"Another World is a classic that I’ve been meaning to play for a while and finishing it left me with something. Afterwards, I had to pause for quite a bit. The game is not explicit in what it’s about and it certainly isn’t offering any profound sentiments. That’s something that gets lost when the word theme gets brought up. A theme can be a message or an opinion or an exploration, but sometimes a portrayal is enough. Another World portrays a friendship with so few elements that bigger games with all their material can’t seem to equal, even in good games like Uncharted. The game’s silence allows the player to fill in much of the details as the game itself treats most of the setting with broad strokes and simplistic iconography that the player is more inclined to identify with the avatar than not.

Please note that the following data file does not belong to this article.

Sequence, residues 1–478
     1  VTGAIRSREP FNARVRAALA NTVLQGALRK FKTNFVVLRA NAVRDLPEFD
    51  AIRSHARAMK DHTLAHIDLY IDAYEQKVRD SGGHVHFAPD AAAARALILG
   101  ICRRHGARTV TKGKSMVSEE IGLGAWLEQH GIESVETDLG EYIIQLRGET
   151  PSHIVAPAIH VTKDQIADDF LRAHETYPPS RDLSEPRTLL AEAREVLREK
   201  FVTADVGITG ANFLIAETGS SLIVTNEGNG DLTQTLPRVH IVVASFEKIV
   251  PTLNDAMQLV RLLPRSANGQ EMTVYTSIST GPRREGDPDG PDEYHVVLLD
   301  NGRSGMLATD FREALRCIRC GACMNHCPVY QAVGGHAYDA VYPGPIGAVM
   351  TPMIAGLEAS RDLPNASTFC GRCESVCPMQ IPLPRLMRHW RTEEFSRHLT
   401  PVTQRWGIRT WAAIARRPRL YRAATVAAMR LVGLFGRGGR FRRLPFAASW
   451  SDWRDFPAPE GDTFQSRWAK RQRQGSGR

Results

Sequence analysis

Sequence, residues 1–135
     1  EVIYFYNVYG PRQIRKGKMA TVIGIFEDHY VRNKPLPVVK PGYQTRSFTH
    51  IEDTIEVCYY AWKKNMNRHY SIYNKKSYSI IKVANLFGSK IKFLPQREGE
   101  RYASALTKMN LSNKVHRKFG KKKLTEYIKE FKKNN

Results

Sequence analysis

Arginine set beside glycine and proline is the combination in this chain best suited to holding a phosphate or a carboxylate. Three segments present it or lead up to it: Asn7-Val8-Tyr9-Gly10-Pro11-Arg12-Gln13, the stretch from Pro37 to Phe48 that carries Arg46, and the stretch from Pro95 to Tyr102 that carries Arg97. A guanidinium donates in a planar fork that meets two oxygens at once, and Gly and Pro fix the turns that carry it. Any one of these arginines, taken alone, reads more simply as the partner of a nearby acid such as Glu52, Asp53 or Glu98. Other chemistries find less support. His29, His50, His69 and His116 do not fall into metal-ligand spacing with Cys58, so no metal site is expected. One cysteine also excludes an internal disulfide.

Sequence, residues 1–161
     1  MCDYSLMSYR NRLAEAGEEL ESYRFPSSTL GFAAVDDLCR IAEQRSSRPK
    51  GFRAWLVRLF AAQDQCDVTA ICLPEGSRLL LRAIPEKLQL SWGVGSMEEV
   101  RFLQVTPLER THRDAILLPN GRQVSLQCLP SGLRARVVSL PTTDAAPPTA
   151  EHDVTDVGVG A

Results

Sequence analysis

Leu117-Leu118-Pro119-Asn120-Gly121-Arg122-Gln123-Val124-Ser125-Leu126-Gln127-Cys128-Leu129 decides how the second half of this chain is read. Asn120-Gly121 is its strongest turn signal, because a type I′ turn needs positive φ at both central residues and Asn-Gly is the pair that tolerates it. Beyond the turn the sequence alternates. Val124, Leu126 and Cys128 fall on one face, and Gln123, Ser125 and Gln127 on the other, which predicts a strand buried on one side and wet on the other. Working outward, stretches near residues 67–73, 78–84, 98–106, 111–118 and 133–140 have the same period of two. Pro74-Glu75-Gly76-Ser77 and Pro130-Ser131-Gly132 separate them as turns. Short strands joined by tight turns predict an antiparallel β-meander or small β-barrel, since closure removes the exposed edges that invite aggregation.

Limbo, on the other hand, falls flat on its face. The first third is strong with set up for the hostile, unforgiving, mysterious environment where it takes place and then does nothing with it. After the set up point you get the feeling the game doesn’t know what to do with itself other than more puzzles. That’s all the game is. Some set up and no delivery. The art, while stylized, is highly detailed. This clashes with the otherwise minimalist presentation. The environments are detailed, even if black and white, but the detail isn’t matched with anything else. Why are we traveling left to right? Hell if I know. Who are the savage children? They disappear after a while, so it’s never explained. Are the spiders the mystical guardians of torment and redemption or the transformed beings of those trapped so long in the cycle they’ve become feral? Answer: why are you hurting my brain with big words?"